More fires broke out overnight at the Waikeria Prison and Correctional Facility said the situation at the facility remained “very unstable”.
Incident supervisor Jeanette Burns said there was tension in the group of 16 inmates in the “upper prison” who had access to weapons and may have used drugs from pharmacies.
“I appreciate that this event is very sad for the family and friends of the inmates involved,” said Burns.
“We have no information to suggest that any of them were injured.”
They kept urging the men to give up, she said.
“We don’t want men, our staff or other emergency services staff to be harmed.”
Burns said anyone who did not ask the people to give up peacefully immediately jeopardized the safety of prisoners, staff and emergency services.
The prisoners continued to light a fire inside the facility overnight, threatening staff and police and throwing debris at them from the roof of the building, he said.
“We are concerned about the integrity of the burning building structure and the potential for collapse, as well as the toxicity of the burning building materials,” he said.
“Along with this we know that there is tension between group members, they have access to weapons and they may have used drugs from pharmacies.”
The situation remains “very unstable” and options for intervention are limited because of the dangers.
“Nonetheless, we continue to work closely with the police to ensure that every opportunity to resolve incidents with the aim of minimizing harm to anyone is considered and acted upon.
“We have an obligation to look after these people, and they will most likely remain in our custody for the next few years.
“Their point has been made. We are building a new facility to replace the existing top prison facility, which will be completed in 2022.”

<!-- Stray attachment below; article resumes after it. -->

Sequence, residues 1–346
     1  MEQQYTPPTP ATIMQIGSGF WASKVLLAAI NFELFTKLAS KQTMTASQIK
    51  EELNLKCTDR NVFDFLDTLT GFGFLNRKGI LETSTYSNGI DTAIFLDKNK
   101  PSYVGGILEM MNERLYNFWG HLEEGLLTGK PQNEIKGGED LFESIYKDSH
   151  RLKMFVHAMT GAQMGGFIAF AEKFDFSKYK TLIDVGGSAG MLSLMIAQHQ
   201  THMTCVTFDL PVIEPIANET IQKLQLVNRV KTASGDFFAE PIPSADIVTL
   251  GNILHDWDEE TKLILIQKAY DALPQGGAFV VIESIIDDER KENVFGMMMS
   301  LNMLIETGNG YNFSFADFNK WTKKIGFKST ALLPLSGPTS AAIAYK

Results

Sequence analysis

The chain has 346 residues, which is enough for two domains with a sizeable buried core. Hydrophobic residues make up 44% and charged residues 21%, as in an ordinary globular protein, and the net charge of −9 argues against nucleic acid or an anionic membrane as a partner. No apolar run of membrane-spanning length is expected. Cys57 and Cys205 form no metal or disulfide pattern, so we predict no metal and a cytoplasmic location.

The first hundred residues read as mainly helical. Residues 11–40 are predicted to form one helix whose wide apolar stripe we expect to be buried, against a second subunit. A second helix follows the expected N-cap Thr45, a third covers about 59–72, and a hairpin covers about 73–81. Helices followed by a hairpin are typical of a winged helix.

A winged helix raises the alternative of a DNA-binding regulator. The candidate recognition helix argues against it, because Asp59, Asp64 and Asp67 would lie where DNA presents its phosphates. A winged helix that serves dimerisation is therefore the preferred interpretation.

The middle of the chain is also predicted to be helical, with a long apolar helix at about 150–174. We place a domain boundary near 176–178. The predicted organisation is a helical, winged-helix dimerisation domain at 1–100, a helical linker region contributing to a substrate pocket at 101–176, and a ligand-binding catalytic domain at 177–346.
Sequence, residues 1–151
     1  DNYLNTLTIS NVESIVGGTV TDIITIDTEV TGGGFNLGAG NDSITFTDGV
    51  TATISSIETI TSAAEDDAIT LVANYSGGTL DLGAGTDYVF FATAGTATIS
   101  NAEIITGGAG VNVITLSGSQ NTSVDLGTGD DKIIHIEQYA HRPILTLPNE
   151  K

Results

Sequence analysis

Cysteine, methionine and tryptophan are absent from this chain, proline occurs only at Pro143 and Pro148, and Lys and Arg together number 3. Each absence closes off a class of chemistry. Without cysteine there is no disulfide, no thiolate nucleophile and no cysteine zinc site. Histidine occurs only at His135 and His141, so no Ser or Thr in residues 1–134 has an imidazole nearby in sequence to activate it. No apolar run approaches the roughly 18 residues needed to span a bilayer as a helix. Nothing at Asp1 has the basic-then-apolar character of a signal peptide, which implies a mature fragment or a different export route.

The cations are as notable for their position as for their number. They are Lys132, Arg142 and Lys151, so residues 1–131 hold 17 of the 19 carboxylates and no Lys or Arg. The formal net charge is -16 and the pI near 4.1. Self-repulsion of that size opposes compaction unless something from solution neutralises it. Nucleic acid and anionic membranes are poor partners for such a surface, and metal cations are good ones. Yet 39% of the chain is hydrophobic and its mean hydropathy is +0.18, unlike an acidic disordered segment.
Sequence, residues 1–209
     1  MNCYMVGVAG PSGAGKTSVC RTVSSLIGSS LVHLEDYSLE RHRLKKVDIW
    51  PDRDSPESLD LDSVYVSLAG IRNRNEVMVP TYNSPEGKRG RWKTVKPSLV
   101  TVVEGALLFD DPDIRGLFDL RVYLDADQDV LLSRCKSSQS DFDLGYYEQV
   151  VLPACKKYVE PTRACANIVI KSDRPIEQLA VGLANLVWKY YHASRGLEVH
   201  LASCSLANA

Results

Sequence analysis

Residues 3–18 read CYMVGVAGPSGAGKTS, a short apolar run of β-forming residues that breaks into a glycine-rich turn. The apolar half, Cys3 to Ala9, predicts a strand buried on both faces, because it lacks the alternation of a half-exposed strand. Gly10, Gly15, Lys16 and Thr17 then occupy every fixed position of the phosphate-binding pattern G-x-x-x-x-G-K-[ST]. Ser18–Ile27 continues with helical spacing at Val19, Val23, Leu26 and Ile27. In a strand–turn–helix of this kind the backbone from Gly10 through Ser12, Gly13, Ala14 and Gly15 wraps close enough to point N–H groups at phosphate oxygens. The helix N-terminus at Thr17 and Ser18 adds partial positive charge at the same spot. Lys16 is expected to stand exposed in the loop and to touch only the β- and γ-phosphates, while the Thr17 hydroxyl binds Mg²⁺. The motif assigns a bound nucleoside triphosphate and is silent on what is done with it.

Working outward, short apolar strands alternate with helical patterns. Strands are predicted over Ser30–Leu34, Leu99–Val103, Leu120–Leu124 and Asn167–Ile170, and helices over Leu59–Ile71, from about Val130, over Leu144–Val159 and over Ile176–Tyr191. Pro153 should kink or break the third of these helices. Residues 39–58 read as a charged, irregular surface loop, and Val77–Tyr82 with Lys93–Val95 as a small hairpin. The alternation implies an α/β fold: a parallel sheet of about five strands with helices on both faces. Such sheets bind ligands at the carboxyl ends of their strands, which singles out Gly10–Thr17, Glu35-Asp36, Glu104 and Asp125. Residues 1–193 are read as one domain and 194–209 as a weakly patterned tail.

The group avoided arrest on the roof of the prison after riots involving starting a fire ravaged the prison grounds on Tuesday afternoon.
The previous correction said, while the damage to the upper prison needed to be assessed, it was unlikely that prisoners would be accommodated there anymore.
Whereas family members who were desperate on the outside had urged them to give up but warn their loved ones to be “willing to die” if their basic needs are not met.
A relative told RNZ today that their cousin who is protesting doesn’t care whether he is alive or dead, because he is defending his rights.
“He’s restless, he’s hungry, he’s thirsty … but he said he’ll survive … at least he knows he’s defending his rights and the rights of others who will be held in this prison.”
The woman told RNZ that her cousin was only detained for not paying the fine and having a 6 month old baby at home.
Inmate pay phones, and all other phones in the prison, are currently out of service.
Correction said it appreciates this will be worrying and inconvenient for the inmates and their family and friends and is working to resolve it quickly.
It is said to provide assurance that all inmates in other units are safe and sound in the prison.